Key game: Nov. 24 at New Orleans. True, this is not a division game. But conference record plays a role in tiebreakers too. More important, it will be instructive to find out whether the Packers merely caught the Bears at the right time, or if they have made a permanent turn north. A victory over an explosive but flawed Saints team -- and not just a competitive performance -- would provide ample proof that the Packers are up to the challenge of winning this division.
- Remaining strength of schedule: .517 (31-29)
- Head coach's career record in final six games of season: .500 (6-6)
- Ascending or descending: Won two of past three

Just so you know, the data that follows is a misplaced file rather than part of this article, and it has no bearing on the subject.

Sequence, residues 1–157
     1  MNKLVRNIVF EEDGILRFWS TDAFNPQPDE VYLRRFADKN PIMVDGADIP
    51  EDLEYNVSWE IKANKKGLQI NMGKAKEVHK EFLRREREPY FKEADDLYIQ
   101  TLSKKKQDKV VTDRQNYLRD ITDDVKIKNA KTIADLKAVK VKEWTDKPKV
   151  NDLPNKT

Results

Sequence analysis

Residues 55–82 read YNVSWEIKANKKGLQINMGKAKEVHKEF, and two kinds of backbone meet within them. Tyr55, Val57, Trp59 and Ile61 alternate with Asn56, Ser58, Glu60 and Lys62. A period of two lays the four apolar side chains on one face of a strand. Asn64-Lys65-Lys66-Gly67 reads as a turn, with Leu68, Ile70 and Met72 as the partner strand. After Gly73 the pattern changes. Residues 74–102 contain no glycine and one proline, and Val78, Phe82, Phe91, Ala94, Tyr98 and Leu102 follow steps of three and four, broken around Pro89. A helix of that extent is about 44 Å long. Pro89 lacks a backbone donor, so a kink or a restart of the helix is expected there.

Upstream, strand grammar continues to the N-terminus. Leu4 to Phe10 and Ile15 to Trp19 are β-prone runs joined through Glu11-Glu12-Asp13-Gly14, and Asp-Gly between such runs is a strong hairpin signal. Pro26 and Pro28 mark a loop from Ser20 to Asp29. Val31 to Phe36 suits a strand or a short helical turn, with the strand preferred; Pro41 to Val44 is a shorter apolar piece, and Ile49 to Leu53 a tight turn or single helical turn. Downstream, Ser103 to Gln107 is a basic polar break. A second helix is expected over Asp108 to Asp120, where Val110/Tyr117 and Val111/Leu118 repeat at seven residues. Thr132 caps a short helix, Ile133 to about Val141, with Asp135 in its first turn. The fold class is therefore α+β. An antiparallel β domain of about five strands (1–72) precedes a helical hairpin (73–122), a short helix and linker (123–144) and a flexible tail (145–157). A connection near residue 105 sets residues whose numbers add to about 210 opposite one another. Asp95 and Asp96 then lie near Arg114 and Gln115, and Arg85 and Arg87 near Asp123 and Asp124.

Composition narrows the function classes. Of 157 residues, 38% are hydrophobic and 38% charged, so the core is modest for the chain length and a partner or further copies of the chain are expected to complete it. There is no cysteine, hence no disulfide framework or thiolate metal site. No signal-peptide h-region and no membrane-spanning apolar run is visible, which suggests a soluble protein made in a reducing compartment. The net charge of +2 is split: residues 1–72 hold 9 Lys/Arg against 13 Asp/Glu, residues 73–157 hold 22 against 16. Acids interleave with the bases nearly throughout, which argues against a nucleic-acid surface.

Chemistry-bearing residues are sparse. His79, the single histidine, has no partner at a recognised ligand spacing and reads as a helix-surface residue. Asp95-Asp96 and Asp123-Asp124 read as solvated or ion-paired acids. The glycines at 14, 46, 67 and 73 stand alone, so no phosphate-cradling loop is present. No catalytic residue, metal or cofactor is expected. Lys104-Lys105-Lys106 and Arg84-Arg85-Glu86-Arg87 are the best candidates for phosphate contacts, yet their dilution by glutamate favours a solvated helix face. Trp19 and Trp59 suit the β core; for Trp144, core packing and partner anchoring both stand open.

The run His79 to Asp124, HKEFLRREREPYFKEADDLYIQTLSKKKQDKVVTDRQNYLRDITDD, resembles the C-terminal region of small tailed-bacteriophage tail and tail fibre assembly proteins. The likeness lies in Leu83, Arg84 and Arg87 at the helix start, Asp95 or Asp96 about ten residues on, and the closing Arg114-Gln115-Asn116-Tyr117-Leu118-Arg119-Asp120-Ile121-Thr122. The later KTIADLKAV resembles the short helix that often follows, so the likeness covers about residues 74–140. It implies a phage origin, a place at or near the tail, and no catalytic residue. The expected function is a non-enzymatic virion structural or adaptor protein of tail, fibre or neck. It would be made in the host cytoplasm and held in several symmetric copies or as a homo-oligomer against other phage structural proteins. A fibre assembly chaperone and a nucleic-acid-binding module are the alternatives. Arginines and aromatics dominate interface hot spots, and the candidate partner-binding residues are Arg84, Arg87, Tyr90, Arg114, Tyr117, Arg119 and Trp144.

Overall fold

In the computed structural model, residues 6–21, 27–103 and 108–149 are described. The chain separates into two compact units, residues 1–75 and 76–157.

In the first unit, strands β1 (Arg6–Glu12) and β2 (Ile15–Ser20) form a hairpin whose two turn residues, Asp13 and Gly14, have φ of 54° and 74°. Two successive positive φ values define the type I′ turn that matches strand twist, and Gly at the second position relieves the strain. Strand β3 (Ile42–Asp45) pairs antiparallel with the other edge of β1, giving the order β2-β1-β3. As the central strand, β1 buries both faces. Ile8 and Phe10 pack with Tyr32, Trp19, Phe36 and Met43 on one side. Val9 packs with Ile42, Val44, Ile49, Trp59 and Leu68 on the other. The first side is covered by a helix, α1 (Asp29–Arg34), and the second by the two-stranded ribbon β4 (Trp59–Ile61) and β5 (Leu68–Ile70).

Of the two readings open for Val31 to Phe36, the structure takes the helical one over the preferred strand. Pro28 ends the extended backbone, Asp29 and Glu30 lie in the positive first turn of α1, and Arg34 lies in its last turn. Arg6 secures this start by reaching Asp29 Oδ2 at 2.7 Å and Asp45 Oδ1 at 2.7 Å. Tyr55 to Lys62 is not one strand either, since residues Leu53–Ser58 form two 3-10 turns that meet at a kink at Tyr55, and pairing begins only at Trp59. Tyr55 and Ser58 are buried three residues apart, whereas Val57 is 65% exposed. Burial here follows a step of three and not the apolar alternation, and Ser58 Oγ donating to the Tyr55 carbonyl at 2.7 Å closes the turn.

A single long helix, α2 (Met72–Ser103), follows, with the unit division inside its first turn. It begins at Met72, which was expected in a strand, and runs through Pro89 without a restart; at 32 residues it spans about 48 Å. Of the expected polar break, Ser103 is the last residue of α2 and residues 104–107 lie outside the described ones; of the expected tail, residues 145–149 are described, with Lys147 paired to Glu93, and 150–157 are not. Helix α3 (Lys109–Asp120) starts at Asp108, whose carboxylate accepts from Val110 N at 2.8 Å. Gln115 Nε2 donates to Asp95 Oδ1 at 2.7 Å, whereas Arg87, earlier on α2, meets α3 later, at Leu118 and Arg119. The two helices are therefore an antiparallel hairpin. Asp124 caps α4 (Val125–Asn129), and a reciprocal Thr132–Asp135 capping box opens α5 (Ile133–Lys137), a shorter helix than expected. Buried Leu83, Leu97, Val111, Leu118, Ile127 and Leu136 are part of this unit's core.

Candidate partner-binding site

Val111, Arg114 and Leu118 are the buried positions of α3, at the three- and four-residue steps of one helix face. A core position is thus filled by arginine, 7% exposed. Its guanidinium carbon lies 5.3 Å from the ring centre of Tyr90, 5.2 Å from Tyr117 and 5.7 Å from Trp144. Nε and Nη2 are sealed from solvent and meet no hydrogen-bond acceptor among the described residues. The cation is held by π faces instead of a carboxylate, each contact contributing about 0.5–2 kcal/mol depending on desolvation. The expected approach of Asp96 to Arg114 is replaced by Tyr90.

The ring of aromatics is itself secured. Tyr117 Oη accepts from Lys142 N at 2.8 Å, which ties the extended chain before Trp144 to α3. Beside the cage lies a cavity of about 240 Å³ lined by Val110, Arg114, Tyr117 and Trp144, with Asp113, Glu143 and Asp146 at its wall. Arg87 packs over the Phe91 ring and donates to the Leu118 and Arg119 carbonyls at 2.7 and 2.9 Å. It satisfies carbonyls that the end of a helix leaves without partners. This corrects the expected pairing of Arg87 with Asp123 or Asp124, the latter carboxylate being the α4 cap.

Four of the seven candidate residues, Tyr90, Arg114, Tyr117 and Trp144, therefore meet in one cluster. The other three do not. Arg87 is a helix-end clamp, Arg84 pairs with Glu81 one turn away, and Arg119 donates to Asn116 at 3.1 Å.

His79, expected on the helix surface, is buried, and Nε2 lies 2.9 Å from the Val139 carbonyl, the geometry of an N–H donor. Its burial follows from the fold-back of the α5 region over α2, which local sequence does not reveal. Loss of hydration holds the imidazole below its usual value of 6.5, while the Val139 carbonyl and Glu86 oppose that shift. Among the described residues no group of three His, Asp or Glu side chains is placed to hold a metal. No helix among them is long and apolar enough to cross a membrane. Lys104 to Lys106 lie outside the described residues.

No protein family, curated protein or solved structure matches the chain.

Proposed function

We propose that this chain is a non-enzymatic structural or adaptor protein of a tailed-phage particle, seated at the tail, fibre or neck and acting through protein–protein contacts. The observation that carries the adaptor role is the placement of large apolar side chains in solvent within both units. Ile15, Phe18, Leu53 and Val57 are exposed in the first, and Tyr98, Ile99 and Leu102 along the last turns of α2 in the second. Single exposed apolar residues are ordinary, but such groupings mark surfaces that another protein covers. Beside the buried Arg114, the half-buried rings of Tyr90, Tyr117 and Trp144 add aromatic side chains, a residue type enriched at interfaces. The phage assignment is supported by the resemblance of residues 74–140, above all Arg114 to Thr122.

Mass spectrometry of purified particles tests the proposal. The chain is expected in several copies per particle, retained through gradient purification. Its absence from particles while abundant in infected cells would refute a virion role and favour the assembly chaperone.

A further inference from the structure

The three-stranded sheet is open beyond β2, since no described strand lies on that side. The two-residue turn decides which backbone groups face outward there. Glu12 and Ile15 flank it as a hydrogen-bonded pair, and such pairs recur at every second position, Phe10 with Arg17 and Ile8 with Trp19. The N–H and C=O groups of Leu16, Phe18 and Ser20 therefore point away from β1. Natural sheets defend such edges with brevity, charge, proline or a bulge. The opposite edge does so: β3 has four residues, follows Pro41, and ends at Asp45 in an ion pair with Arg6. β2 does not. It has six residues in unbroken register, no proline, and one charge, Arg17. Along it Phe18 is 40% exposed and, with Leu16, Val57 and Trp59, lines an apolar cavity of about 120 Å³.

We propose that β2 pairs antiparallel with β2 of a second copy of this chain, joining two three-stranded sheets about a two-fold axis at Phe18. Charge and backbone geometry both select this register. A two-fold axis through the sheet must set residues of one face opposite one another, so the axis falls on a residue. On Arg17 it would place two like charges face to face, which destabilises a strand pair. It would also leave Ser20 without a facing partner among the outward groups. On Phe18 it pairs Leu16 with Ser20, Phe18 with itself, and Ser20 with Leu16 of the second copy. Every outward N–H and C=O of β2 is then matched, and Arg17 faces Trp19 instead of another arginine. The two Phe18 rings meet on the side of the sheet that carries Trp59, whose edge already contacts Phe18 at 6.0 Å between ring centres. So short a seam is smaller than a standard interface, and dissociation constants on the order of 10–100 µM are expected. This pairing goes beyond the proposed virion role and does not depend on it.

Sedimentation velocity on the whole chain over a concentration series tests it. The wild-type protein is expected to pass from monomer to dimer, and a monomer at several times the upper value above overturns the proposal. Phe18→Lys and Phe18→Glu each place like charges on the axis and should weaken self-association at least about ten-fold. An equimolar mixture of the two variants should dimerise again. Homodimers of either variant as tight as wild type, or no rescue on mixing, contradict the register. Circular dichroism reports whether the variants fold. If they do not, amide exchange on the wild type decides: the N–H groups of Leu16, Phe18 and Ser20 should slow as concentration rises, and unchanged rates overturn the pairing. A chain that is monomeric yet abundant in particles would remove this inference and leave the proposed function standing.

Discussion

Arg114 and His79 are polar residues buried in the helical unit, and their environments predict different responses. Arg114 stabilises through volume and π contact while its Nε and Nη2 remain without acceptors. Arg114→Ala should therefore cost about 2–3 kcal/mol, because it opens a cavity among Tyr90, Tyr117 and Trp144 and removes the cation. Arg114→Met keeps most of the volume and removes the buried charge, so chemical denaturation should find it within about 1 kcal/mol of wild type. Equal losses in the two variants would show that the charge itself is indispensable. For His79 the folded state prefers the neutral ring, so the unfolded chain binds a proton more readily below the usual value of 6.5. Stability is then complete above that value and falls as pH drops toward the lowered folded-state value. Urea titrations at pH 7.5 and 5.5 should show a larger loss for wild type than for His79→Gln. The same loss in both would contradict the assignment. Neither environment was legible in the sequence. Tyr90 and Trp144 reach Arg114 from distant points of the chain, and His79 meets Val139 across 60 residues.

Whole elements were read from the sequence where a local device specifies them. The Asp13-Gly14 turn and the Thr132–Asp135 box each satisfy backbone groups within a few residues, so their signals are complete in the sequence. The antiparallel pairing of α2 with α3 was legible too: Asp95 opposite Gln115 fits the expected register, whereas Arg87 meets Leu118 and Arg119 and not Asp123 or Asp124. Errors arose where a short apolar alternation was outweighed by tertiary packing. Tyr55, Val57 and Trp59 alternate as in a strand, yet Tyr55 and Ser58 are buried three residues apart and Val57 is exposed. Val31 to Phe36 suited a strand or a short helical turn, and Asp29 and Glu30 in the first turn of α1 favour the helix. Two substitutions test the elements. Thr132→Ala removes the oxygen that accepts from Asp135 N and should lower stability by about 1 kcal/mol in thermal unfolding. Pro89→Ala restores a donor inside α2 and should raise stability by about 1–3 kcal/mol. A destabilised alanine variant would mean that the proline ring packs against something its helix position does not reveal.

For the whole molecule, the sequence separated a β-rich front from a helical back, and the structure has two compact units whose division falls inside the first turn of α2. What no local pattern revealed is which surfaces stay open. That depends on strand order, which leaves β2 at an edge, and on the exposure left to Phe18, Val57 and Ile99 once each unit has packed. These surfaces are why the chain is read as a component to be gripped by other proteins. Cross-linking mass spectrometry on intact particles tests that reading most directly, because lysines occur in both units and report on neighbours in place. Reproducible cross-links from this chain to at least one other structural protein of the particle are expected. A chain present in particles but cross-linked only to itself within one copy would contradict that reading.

- You're only as good as your last game: 19-13 loss at Tampa Bay
How they could win it: When Adrian Peterson is in the backfield, anything is possible. We saw how Peterson can will his team to victory Nov. 9 against Green Bay. The emergence of receiver Bernard Berrian ensures the Vikings will have a viable alternative should opponents gang up on Peterson. Gus Frerotte is the most experienced -- but not the most careful -- quarterback in the division and isn't fazed by big-game pressure. Although Minnesota's remaining schedule is difficult, it does not include a bad-weather venue. In fact, the Vikings will play at least four and possibly five games indoors if Arizona closes the roof Dec. 14.